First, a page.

Mo Teh-hui

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Mo Teh-hui
莫德惠 (莫柳忱)
Mo Teh Hui.jpg
Civil Governor of Fengtian
In office
April 7, 1926 – October 3, 1927
Succeeded by (none)
Personal details
Born 1883
Xinjiang, Qing Dynasty
Died April 17, 1968 (aged 87)
Taipei, Taiwan
Nationality  Republic of China
Political party Naval Jack of the Republic of China.svg Kuomintang
This is a Chinese name; the family name is Mo (莫).

Mo Teh-hui (Chinese: 莫德惠; pinyin: Mò Déhùi; Wade–Giles: Mo Teh-hui; 1883, Xinjiang province, Qing Dynasty – April 17, 1968, Taipei, Taiwan) was a nationalist Chinese politician.

Biography[edit]

Mo was born on the ninth year of Guangxu (光緒九年, 癸亥, 1883) in Xinjiang (新疆), of Manchu father and Uighur mother.[1] He was born while his father was serving under General Zuo Zongtang in the Dungan revolt (1862–77), fighting against Yaqub Beg in Xinjiang. Mo's family then moved to a part of Jilin province which is now in modern day Heilongjiang province. Mo's political career started in 1921, in Binjiang County (near Harbin) of Manchuria. As the magistrate of that county, Mo divided the county into five defense districts coterminous with the regular police districts, and recruited men into the constabulary to defend the whole county against bandits.[2] He held that post until 1912, when he was elected to the provisional National Assembly of the newly established Republic of China.

He was Acting Minister of Agriculture and Commerce (1925) and Minister of Agriculture and Industry (1927–28) of China and, in the interim, served as the Civil Governor of Fengtian (Liaoning) (1926–27). In the Huanggutun Incident of 1928, he was on the same train with Marshall Zhang Zuolin and fortunately escaped with only a leg injury.

Following the reorganization of the Chinese Eastern Railway in 1929 and after the conclusion of the Sino-Russian complications, Mo was appointed president of the Board of Directors ("duban") of the railway. He was later appointed as the official representative of the Mukden (Shenyang) and Nanking Government for the purpose of negotiating a settlement of outstanding problems pertaining to the administration of the C.E.R. He was appointed plenipotentiary delegate to the Sino-Russian Conference at Moscow in May 1930. Mo visited USSR for up to 25 talks, but returned to China in December 1930 due to a dealock of the Conference. After Japan's Invasion of Manchuria on September 18, 1931, the USSR sold its interests in C.E.R. to Japan's puppet state Manchukuo.[3]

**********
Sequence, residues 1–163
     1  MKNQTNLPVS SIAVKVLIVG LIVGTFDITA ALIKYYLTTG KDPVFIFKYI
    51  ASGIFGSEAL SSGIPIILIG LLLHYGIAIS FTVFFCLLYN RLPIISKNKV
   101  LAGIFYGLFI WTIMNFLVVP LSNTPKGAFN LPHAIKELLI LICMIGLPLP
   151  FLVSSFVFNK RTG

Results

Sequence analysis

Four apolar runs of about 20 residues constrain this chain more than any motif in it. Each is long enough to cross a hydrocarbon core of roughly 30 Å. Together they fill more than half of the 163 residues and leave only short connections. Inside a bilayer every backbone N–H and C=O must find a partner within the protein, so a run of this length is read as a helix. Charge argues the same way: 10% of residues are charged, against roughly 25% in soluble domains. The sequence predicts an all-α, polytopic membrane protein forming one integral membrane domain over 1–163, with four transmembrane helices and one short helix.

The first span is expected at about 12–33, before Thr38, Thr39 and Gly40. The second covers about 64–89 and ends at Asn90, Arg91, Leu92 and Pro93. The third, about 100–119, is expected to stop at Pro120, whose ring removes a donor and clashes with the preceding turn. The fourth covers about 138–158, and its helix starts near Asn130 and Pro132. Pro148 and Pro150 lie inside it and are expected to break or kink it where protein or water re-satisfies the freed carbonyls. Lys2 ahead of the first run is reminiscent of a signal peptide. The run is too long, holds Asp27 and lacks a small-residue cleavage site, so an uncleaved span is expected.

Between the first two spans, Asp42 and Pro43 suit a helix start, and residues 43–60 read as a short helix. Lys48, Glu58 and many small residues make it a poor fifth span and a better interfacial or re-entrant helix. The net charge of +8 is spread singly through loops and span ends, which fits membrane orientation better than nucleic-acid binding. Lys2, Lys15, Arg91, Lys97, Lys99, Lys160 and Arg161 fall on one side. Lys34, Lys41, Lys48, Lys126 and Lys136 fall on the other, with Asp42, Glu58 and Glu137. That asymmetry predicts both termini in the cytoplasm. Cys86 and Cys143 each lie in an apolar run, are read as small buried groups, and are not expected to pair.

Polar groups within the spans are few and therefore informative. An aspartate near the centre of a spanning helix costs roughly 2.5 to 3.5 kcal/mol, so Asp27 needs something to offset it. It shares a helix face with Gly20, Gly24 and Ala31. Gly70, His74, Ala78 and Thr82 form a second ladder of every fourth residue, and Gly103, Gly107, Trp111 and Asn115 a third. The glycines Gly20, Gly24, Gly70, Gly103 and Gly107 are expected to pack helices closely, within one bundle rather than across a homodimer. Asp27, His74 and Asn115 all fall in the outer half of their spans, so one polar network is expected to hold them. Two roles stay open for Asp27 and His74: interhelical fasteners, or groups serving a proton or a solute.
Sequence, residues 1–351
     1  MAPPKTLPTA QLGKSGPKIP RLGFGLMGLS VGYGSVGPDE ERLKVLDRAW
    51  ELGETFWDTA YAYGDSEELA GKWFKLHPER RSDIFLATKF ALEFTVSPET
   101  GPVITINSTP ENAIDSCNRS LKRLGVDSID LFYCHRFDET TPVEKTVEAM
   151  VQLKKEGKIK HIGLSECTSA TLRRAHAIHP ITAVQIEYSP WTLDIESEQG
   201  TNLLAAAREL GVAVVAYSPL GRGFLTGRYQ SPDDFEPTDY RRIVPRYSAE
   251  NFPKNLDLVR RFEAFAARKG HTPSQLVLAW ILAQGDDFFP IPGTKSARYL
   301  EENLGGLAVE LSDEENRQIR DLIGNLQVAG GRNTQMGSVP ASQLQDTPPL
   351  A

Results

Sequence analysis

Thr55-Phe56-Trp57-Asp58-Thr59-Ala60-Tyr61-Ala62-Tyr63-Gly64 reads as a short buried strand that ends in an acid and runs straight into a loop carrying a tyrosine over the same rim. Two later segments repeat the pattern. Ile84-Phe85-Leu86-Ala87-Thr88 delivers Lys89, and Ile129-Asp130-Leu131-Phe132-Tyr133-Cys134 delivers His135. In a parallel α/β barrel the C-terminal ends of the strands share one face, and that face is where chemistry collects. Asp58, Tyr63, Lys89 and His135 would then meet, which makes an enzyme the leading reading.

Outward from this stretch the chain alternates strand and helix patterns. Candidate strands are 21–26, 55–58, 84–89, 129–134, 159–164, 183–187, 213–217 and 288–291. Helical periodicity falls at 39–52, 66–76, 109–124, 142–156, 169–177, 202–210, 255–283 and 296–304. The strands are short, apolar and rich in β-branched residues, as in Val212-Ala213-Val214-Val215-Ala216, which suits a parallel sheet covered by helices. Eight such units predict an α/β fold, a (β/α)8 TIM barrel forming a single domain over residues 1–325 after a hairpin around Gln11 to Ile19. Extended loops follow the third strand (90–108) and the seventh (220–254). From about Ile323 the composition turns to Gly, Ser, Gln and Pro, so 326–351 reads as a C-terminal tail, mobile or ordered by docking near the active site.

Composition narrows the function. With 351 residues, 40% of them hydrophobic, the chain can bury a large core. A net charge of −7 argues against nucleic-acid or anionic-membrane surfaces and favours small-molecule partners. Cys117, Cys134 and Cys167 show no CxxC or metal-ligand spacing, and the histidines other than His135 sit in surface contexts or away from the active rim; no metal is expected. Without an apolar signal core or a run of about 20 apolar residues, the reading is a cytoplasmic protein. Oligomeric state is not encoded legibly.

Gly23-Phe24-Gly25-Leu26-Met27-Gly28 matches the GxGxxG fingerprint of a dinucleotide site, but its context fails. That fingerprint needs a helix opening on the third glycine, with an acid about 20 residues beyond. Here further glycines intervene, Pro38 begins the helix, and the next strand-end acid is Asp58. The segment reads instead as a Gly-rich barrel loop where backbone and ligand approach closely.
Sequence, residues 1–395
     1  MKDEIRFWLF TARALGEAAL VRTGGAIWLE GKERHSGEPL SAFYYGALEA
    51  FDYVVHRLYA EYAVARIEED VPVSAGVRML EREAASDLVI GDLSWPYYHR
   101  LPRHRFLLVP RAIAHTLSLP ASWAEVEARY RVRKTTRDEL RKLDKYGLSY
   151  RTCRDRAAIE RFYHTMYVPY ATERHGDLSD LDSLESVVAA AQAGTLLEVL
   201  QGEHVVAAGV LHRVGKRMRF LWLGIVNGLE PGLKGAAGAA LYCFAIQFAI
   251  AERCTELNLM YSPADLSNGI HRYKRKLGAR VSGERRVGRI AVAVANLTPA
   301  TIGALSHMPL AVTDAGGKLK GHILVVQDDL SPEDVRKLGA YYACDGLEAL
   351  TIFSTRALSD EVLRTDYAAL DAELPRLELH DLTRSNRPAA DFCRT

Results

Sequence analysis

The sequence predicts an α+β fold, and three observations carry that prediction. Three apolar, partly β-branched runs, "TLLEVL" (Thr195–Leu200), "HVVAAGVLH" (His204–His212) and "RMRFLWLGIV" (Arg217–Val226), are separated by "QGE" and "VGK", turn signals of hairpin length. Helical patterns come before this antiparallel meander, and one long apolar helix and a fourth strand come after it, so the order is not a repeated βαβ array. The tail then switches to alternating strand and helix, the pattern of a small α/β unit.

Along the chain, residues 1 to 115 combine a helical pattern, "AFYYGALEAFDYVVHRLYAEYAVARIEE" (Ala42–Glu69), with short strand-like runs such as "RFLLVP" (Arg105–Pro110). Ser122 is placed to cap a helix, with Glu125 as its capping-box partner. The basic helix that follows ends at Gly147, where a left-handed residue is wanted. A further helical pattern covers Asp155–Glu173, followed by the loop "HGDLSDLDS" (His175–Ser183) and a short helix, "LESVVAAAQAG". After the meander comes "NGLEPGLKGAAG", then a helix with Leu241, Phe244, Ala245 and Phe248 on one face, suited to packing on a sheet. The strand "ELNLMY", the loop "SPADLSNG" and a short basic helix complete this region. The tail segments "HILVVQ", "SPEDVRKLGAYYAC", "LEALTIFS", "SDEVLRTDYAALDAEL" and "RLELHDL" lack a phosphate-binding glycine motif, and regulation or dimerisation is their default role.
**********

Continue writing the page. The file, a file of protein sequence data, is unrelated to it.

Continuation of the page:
In 1938, Mo became a nonpartisan member of the People's Political Council (國民參政會) at Chungking, the National Government's wartime seat, and was named chairman of the council's presidium in 1942. After the War, he served as a nonpartisan delegate to the Political Consultative Conference (政治協商會議). He was also a delegate to the National Assembly when it reconvened later in 1946, and was elected vice chairman of the commission for the supervision of the enforcement of constitutional government, becoming its chairman in September 1948. He served on the State Council (國民政府委員會) in 1947-48, and ran for the Vice Presidency of the Republic of China in 1948. He was appointed as the president of the Examination Yuan, after the Kuomintang retreated from the mainland to the island of Taiwan (1954–66).[4]

See also[edit]

Published[edit]

  • [民國莫柳忱先生德惠自訂年譜]

References[edit]

  1. ^ [民國莫柳忱先生德惠自訂年譜]
  2. ^ http://www.encyclopedia.com/doc/1G1-152922866.html, Ma Fang, HRZ, (v.5, 1994), 56.
  3. ^ http://www.republicanchina.org/campaign.html, Written by Ah Xiang , RepublicanChina.org
  4. ^ http://rulers.org/indexm5.html-rulers.org

External links[edit]

Preceded by
Chia Ching-heh
President of the Examination Yuan
September 1954 – August, 1966
Succeeded by
Sun Fo